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Excerpt from Reform and Repeal: A Sermon Preached on Fast-Day, April 6, 1854 In the presence of God, and in the act of worship, we forbear to indulge in any imputation of bad motives, or in personal indignation levelled against persons. We observe results, we deal with principles, we contrast the effects of associated action with the eternal sentiments of the Gos pel. And i Excerpt from Reform and Repeal: A Sermon Preached on Fast-Day, April 6, 1854 In the presence of God, and in the act of worship, we forbear to indulge in any imputation of bad motives, or in personal indignation levelled against persons. We observe results, we deal with principles, we contrast the effects of associated action with the eternal sentiments of the Gos pel. And if we find a principle of Divine equity, or a rule of common morals and decency, violated, we proclaim it because we reverence what is just, we confess it because we know that we are implicated in all the public manifes tations which create government and carry on the life of a country. We dare not enter into the question of motives; we can only expose a corrupt level of sentiment. Men may live on such a level unconsciously, and may share its immoral actions in mechanical obedience to legal requi sitions, out of gregarious instincts, and from lack of the highest enlightenment. Among other public evils, we find this coarse and oppressive one of assumption of criminal intent; and it is no better when combined with vindica tion of principles than when it is used against principle to eke out a defence of wrong. Moreover, the amount of character to be defamed may be great or little, but the sin of defamation is equally great in all cases, because impar tial and unerring judgment is not within the capacity of man, even when all the lights of knowledge guide him, and his passions sleep; least of all when he is thinking and speaking in the dust of a conflict, stimulated by pressing. About the Publisher Forgotten Books publishes hundreds of thousands of rare and classic books. Find more at www.forgottenbooks.com This book is a reproduction of an important historical work. Forgotten Books uses state-of-the-art technology to digitally reconstruct the work, preserving the original format whilst repairing imperfections present in the aged copy. In rare cases, an imperfection in the original, such as a blemish or missing page, may be replicated in our edition. We do, however, repair the vast majority of imperfections successfully; any imperfections that remain are intentionally left to preserve the state of such historical works.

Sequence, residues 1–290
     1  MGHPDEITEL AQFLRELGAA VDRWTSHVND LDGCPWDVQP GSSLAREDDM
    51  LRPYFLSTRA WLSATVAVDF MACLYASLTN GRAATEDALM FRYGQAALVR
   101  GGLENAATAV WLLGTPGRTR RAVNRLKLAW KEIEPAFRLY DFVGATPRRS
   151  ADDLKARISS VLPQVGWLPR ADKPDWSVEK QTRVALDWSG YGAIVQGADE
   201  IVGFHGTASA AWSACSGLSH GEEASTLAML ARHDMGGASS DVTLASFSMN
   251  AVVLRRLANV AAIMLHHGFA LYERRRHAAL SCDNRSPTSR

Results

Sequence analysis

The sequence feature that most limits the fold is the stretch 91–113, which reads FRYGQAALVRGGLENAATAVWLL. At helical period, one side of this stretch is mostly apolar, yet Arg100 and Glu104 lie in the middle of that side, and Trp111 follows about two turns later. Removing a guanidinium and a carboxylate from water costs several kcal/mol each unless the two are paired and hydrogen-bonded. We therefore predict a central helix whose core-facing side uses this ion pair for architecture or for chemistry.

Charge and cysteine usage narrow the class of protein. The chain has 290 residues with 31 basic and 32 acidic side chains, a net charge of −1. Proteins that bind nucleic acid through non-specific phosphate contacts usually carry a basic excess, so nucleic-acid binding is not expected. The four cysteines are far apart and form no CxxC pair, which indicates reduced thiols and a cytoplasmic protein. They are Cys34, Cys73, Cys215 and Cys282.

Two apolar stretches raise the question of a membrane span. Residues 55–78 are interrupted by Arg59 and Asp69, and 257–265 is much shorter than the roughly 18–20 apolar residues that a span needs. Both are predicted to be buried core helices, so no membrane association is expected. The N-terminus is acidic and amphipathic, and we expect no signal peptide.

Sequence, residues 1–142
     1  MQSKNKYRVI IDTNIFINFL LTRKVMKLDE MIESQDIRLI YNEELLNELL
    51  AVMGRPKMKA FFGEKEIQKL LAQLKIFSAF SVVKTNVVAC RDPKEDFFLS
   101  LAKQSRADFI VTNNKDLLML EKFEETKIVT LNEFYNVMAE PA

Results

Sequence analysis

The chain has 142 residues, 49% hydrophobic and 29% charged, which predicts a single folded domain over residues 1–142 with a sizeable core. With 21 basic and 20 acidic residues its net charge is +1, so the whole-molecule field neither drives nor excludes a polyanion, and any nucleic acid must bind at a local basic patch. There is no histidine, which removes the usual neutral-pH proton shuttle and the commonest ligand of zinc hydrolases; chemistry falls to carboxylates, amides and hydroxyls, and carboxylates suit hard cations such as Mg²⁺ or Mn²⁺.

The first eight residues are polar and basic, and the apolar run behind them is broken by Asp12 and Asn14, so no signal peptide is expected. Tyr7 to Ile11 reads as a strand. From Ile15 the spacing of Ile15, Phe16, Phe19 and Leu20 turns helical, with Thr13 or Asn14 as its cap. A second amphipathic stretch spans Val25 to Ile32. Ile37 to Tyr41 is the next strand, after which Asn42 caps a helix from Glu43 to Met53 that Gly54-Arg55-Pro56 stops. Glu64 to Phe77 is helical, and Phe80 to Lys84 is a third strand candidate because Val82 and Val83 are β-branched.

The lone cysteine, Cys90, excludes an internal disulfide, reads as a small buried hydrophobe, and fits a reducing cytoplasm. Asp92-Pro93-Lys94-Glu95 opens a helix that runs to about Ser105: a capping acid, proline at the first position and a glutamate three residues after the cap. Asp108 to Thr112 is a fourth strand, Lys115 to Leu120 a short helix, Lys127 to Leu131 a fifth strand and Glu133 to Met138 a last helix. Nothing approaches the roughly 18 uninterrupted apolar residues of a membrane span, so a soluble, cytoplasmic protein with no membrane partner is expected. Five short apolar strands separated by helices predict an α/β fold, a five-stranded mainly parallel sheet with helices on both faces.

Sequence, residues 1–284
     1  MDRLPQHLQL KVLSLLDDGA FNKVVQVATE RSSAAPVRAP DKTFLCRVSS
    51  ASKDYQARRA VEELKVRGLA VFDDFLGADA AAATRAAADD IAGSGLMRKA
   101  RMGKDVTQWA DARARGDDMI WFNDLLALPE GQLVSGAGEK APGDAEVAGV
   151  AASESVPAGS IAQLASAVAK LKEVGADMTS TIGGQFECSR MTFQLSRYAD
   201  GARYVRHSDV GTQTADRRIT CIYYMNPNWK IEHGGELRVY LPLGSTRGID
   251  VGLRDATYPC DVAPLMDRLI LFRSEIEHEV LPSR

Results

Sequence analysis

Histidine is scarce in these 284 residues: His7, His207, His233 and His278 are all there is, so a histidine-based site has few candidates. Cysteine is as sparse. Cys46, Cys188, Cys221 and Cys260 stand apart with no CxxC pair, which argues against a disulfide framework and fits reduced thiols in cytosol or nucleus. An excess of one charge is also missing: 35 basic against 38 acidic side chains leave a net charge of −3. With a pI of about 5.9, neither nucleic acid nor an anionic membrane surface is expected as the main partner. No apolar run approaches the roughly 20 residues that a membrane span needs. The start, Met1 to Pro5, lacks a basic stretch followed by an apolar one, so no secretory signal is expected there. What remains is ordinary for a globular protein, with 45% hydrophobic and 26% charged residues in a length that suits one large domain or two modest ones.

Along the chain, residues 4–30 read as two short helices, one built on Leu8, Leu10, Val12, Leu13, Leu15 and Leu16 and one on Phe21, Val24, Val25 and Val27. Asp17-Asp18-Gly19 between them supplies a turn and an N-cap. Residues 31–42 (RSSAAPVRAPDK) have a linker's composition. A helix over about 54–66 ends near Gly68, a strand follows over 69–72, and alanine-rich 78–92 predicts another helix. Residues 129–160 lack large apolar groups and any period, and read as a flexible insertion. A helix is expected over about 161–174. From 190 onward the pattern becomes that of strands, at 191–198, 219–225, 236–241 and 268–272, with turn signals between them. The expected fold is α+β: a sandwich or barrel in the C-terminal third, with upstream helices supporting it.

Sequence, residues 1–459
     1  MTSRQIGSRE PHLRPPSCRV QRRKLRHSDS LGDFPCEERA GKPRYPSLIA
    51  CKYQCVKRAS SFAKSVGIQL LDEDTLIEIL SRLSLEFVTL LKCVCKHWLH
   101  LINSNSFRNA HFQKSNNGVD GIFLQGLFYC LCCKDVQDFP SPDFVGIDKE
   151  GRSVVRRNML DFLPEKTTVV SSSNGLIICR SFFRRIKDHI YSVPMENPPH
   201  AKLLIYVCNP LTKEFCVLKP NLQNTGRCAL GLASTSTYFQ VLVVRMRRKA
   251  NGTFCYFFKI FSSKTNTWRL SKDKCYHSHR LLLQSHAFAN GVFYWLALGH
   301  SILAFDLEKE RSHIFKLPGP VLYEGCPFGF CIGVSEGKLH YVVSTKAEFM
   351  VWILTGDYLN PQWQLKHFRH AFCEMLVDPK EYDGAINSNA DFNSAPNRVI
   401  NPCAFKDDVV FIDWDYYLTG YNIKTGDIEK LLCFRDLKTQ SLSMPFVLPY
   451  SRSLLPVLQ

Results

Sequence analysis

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Excerpt from Reform and Repeal: A Sermon Preached on Fast-Day, April 6, 1854 In the presence of God, and in the act of worship, we forbear to indulge in any imputation of bad motives, or in personal indignation levelled against persons. We observe results, we deal with principles, we contrast the effects of associated action with the eternal sentiments of the Gos pel. And i Excerpt from Reform and Repeal: A Sermon Preached on Fast-Day, April 6, 1854 In the presence of God, and in the act of worship, we forbear to indulge in any imputation of bad motives, or in personal indignation levelled against persons. We observe results, we deal with principles, we contrast the effects of associated action with the eternal sentiments of the Gos pel. And if we find a principle of Divine equity, or a rule of common morals and decency, violated, we proclaim it because we reverence what is just, we confess it because we know that we are implicated in all the public manifes tations which create government and carry on the life of a country. We dare not enter into the question of motives; we can only expose a corrupt level of sentiment. Men may live on such a level unconsciously, and may share its immoral actions in mechanical obedience to legal requi sitions, out of gregarious instincts, and from lack of the highest enlightenment. Among other public evils, we find this coarse and oppressive one of assumption of criminal intent; and it is no better when combined with vindica tion of principles than when it is used against principle to eke out a defence of wrong. Moreover, the amount of character to be defamed may be great or little, but the sin of defamation is equally great in all cases, because impar tial and unerring judgment is not within the capacity of man, even when all the lights of knowledge guide him, and his passions sleep; least of all when he is thinking and speaking in the dust of a conflict, stimulated by pressing. About the Publisher Forgotten Books publishes hundreds of thousands of rare and classic books. Find more at www.forgottenbooks.com This book is a reproduction of an important historical work. Forgotten Books uses state-of-the-art technology to digitally reconstruct the work, preserving the original format whilst repairing imperfections present in the aged copy. In rare cases, an imperfection in the original, such as a blemish or missing page, may be replicated in our edition. We do, however, repair the vast majority of imperfections successfully; any imperfections that remain are intentionally left to preserve the state of such historical works.

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